Cybera is looking for the movers and shakers of Alberta; the ones who are using emerging technologies to innovate their fields and raise the profile of Albertan research and development. Once a month, we will sit down with one of these tech gurus to get a perspective on where they, and their industry, are heading.
This month, we spoke with Clark Ferguson. Clark is the Chief Information Officer with the University of Lethbridge, and has years of experience in information systems management at public, private and not-for-profit organizations. He holds a Masters in Business Administration from the University of Ottawa and P.Eng from the Association of Professional Engineers of Ontario.
Cybera: What is your favourite book or movie about technology and why?
When I think about reading and technology, the most interesting paper that I’ve read recently is “Strategizing: The challenges of a practice perspective.” It was written by researchers studying the theme of Strategy as Practice at Lancaster University. What I really like about it is how it describes three aspects of what people do to create strategies. The processes they describe are very compelling to me, as I see a direct application for universities that are addressing their own disruptive changes, such as the emergence of Internet-based alternatives [like iTunesU, online-only campuses, and institutions such as Harvard and MIT offering online courses for a nominal fee].
Cybera: In three sentences or less, what would you say is uniquely Albertan when it comes to technology and innovation?
I think what’s really exciting in Alberta is that we’ve built on the strength we developed in the resource sector, and have augmented and expanded it towards health, education, and innovation. I’m excited about how the province is diversifying and bringing technology into all aspects of our communities.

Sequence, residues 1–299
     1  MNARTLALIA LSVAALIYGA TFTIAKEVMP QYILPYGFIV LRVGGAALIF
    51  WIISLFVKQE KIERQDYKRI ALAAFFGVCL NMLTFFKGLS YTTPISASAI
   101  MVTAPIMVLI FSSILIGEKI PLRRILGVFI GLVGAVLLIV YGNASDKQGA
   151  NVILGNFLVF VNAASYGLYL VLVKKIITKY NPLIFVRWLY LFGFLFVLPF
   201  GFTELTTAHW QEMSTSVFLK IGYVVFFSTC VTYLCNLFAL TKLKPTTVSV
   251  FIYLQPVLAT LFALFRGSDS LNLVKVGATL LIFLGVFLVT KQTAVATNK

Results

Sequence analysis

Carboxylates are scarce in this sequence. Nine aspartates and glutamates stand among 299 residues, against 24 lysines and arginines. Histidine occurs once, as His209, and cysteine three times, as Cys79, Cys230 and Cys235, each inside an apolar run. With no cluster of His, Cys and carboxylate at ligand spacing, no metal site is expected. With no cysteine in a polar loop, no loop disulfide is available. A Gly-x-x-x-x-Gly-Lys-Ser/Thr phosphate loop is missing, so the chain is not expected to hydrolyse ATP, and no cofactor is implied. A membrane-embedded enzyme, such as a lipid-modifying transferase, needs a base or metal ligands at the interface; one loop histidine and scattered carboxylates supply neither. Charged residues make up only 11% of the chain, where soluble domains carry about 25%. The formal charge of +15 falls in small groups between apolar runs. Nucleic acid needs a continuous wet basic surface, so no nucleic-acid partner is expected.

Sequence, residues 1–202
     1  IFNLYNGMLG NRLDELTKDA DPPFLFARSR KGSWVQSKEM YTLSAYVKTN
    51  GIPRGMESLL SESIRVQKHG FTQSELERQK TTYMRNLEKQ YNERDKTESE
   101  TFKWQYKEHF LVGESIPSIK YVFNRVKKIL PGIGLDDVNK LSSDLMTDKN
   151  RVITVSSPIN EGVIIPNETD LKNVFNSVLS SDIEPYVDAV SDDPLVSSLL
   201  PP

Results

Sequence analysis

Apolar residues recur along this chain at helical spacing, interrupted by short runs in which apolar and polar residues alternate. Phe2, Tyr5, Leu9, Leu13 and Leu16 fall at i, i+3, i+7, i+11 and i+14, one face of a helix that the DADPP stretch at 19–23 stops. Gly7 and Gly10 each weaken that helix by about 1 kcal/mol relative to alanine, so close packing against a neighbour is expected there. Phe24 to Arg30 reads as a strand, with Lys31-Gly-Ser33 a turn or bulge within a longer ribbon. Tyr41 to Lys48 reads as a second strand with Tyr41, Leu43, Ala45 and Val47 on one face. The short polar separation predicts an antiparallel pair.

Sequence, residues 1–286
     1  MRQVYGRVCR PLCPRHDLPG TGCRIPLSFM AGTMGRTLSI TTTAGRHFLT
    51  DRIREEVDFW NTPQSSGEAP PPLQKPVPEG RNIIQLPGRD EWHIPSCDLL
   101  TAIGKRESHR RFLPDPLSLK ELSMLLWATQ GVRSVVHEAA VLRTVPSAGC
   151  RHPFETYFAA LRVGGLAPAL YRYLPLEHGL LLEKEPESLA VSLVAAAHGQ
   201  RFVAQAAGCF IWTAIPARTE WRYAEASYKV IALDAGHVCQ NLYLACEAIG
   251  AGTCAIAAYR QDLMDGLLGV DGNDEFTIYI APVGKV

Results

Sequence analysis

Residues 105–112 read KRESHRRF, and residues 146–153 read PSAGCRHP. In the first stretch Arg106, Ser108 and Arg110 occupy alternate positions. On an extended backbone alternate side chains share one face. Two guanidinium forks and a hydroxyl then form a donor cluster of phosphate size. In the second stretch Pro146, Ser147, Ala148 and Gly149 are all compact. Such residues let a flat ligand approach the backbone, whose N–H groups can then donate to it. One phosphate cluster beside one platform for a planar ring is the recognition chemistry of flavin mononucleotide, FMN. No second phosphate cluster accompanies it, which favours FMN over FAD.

Cybera: How do you think technology could or should make Alberta stronger?
I believe that technology was traditionally only in the hands of the people who had deep pockets and large resources. But in the last five years, technology has been commoditized and exposed. It is now available in smaller communities to people in their homes, with much greater sophistication. What’s really exciting for me is how technology can now reach out to impact rural areas and small towns as much as it does large urban centres, which is helping them contribute to this emerging information economy. It’s also exciting to see technology being used on farms around Alberta, such as using satellite imagery to support variable irrigation and fertilization, to become more competitive and adaptable.
Cybera: Are there obstacles or barriers preventing the above?
Our academic and research institutions and processes have been built to support independent, regional delivery. So a big obstacle is that our systems are designed to support these independent organizations while they try to develop new solutions, and yet the future really is about very large-scale collaboration. So I think the opportunity that comes from organizations that can bridge those gaps, like Cybera, in terms of helping us to expand our reach is very important for Albertans.
Cybera: If you could sit down and speak with any mentor, alive or dead, who would it be and why?
Early on a gentleman named Larry Kayser mentored me. He was a senior leader at Bell who suggested I read a paper by Gordon P. Thompson titled: “Memo from Mercury: Information Technology is Different.” This paper was published 30 years ago and speaks about the leadership opportunity for Canada related to communications technology. The paper is still relevant today as we consider the information economy which has emerged. I would really enjoy another conversation with Larry to discuss what he thinks is next, because he was such a forward thinker.
This is the sixth interview in this series. This past January, Cybera spoke to Chris Turner, an author, journalist and public speaker who covers climate change and sustainability issues. In February, we interviewed DJ Sures, a roboticist and entrepreneur in Calgary. Michelle Sklar, Vice President, Industry Relations with Poynt Corporation, and President, Board of Directors at Digital Alberta, was our subject for March. In April, we spoke to Angie Tarasoff, Senior Manager of Technology Planning and Management at Alberta Education. Tom Ogaranko of Redengine was our featured interview in May. In June, we spoke to Trevor Doerksen, CEO and Founder of Mobovivo. If you have any suggestions for potential candidates you’d like to see featured, please comment below or send us an email.